Humidity levels in your home should be between 30 and 60%. You will need to use a humidifier in your home if the humidity in your living space is less than 30%. Since the air is typically drier in the winter, you should connect your humidifier to your furnace so you can have a comfortable, warm environment when it’s cold outside.
In the summer, warmer air can hold more moisture and has a lower relative humidity rating. However, even as you use your HVAC system to heat your house in the winter, your home’s moisture level stays the same and produces an uncomfortable atmosphere. Using a humidifier to add moisture back into your home can improve your health, especially your sinuses and skin, during a season when the flu and other viruses are prevalent.
Do I Need a Humidifier?
If you live in Central Pennsylvania or another inland state, your home could be too dry in the winter. A humidifier will help you maintain a comfortable home environment as the cold, dry air absorbs moisture from the atmosphere. Consider investing in a whole-house humidifier to take advantage of these humidifier benefits for your home:
Reduces allergies: When your sinuses are dry, you’re more vulnerable to irritants in the air. If you suffer from allergies to pollen, dust or mold, you’ll feel them more when the atmosphere lacks moisture. A whole-house humidifier helps keep your nasal passages lubricated so you can breathe better in the winter.
Moisturizes your skin and hair: In the cold, bitter winter, you may suffer from cracked skin or chapped lips because of the cold air outside and the dry air inside. As you use a humidifier, you send moisture into your living space to revive these sensitive parts of your body.
Prevents the flu: A healthy amount of humidity in the air can reduce the formation of bacteria, viruses, fungi and dust in the atmosphere. Even though the flu is common in the winter, you can lower your chance of contracting it by investing in a whole-house humidifier.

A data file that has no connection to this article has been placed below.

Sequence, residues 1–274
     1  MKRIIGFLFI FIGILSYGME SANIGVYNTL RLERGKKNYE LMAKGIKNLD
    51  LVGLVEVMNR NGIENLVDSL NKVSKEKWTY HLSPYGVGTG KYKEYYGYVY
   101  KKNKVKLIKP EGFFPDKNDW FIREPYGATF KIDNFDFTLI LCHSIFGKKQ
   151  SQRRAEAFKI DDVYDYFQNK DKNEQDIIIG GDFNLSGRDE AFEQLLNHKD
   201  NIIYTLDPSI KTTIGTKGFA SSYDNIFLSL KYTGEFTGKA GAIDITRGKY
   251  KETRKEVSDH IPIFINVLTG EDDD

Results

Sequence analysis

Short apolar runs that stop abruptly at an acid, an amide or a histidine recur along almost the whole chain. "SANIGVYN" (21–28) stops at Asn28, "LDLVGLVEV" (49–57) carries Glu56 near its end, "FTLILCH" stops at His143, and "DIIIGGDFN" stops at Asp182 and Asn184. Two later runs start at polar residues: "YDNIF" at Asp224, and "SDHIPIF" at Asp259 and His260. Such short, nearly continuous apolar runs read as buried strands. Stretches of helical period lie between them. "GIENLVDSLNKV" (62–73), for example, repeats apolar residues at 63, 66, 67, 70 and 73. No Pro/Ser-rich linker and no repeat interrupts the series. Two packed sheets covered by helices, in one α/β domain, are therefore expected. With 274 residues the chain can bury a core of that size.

Strengthens your cough: Dry air could result in an unproductive, dry cough. Adding humidity into your living space can send more moisture into your nasal and sinus passages, increasing the strength of your cough when you’re sick. A productive cough releases trapped or sticky phlegm and helps you get better more quickly.
Protects your valuables: Wood floors and furniture can crack or warp when the air is too dry. A healthy amount of humidity can preserve the wooden elements of your house for years to come. Moisture also improves the quality of your houseplants.
Helps reduce snoring: If your sinuses and throat are dry, you are more likely to snore as you sleep. A humidifier can help you sleep better at night and keep your nasal passages moist to prevent snoring.
Lowers heating costs: The moisture in the air helps trap the heat that your furnace produces so your house stays warm for longer. If you have a more comfortable environment, you don’t need to use your heating system as much, so you’ll save money on your energy costs in the winter.
Controls static electricity: In the winter, you’re more likely to shock objects and people around you because of the dry air. Your skin and the atmosphere of your home will be moist and reduce the chance of static shock if you install a humidifier on your property.